The Epson Stylus Photo PX660 is a six-colour printer and therefore, you can expect the running cost to be a tad higher than with 4 colour printers. You will also be able to find an ISO black page that costs 3.1p and an equivalent one that costs 10.3p at the best prices. When it comes to black cost, it is above average for this class of printers, although the cost of colour is a penny or so more than competition.

Scanners: We had to admit that Epson scanners in general are above average and the PX660 comes as no exception. It is swift and the images that it was able to capture seemed sharper and colours were splendid and accurate. No doubt, we were impressed with its knack of preserving subtle details in the very darkest and lightest of source material. Equally good were the photocopies with pretty reasonable accuracy in colour and preservation of darker details, courtesy its well-judged brightness.
There are several things we love about the Epson Stylus Photo PX660 Multi-function Printer, including low inkjet operating cost (in fact the lowest) available, if you stick to the ‘Owl’ series cartridges which is of pretty high capacity. But there is no way you can run away from the purchase price initially, which is just too high.

Manufacturer warranty:

The Epson Stylus Photo PX660 is covered under a standard manufacturer’s warranty of 1 year and there is also an optional warranty of 3 years (which is extendable).


The Epson PX660 is a middleweight, decent all-in-one that every photo enthusiast would love to have and not something that is meant for the small business customer. Easy and simple to use, it gives you remarkable extras including touch control panels and direct CD/DVD print. There is not much of a difference with other Epson machines when it comes to the print quality and the print speed which is reasonable is a far cry from what the manufacturer claims. If you are prepared to shell out £25 more, the PIXMA MG6150 should do no harm as it is brilliant in printing which looks pretty better on plain paper and comes with two paper trays, duplexer, and not to mention both wireless as well as wired network interfaces. And alternatively, there is the Canon MG5150 which rivals on the specs and features at just about £73.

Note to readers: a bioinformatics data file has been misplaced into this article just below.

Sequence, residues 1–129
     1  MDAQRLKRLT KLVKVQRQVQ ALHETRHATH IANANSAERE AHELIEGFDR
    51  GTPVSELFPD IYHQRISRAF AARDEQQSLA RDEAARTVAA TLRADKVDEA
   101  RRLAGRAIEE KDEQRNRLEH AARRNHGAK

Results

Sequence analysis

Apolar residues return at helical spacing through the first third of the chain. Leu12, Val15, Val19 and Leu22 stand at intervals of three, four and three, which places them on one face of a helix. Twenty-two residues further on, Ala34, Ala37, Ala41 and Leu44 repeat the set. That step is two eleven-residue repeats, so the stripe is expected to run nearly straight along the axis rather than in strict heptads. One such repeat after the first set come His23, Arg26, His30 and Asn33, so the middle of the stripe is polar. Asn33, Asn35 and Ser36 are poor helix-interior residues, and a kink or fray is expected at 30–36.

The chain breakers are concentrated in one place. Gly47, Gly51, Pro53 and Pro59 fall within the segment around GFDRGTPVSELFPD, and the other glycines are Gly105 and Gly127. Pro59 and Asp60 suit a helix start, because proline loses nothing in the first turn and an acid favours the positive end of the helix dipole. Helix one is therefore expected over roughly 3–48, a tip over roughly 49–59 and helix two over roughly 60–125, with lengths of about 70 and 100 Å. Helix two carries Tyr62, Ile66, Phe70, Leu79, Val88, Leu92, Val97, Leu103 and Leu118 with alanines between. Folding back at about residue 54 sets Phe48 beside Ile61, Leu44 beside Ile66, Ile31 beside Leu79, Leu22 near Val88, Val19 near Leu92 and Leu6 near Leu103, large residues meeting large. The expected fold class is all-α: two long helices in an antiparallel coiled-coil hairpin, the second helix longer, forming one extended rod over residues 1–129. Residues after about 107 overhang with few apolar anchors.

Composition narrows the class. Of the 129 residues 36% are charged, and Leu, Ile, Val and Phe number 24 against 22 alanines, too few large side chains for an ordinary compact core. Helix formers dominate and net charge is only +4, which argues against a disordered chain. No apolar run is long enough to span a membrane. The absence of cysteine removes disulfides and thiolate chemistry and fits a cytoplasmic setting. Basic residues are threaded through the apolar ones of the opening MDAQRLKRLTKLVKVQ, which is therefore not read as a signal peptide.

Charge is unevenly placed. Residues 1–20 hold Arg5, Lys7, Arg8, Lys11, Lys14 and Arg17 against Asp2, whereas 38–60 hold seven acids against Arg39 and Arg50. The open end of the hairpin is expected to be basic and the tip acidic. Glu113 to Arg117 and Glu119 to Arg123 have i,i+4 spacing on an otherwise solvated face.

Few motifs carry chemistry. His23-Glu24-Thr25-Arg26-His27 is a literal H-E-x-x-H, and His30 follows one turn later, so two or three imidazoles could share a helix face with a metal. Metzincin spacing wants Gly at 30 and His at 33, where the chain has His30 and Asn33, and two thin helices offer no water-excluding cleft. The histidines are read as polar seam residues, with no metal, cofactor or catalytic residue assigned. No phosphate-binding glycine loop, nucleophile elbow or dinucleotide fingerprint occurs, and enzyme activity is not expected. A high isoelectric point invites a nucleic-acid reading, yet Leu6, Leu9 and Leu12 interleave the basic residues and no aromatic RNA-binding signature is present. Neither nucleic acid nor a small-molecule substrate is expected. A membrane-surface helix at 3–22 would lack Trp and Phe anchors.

Check other Photo Printer Reviews in this website.

Epson Stylus Photo PX660 Inkjet Printer – Technical Specification Table

Manufacturer Epson
Model Name Epson Stylus Photo PX660 Photo Printer
Colour/Monochrome Colour
Body Colour Black
Printing technology Epson Micro Piezo print head, (6-colour inkjet printer)
Dimensions (W x D x H) 451x386x195 mm
Ink System Epson Claria Photographic Ink
Print Resolution Up to 5760 x 1440
Print Speed Up to 37 ppm (black text A4); 12 secs (photo 10×15);
up to 38 ppm (colour text A4)
Scanner features Speed – Black A4: 600 dpi 3.1 msec/line, 300 dpi 1.6 msec/line;
Colour A4: 600 dpi 9.1 msec/line, 300 dpi 4.6 msec/line
Technology: A4 flatbed colour image scanner
Resolution: 1200 x 2400 dpi
Paper Capacity A4 (120 sheets) plain paper
Paper Trays 1
Media Size A4, Legal, Letter, 13×20 cm, 20×25 cm, 10×15 cm,
9×13 cm, 13×18 cm, A5, B5, A6, Envelopes: DL, No.10,C6
Printer Interface USB, PictBridge USB
Max. number of ink cartridges/ ink colours 6
Operating Systems Windows XP/ Vista, Win 7, XP-x64, Mac OS 10.4.11 or later
Weight 8.5 kg
Noise Level 37dB(A)- normal use
Supported memory cards CF, SDHC, SD,  Memory Stick Pro, MMC,  xD
Power consumption Approx. 1.5W (sleep mode), 18W ( ISO10561 Letter Pattern,
Standalone copying)
ENERGY STAR qualified Yes
Manufacturer warranty 1 year (optional warranty: 3 years)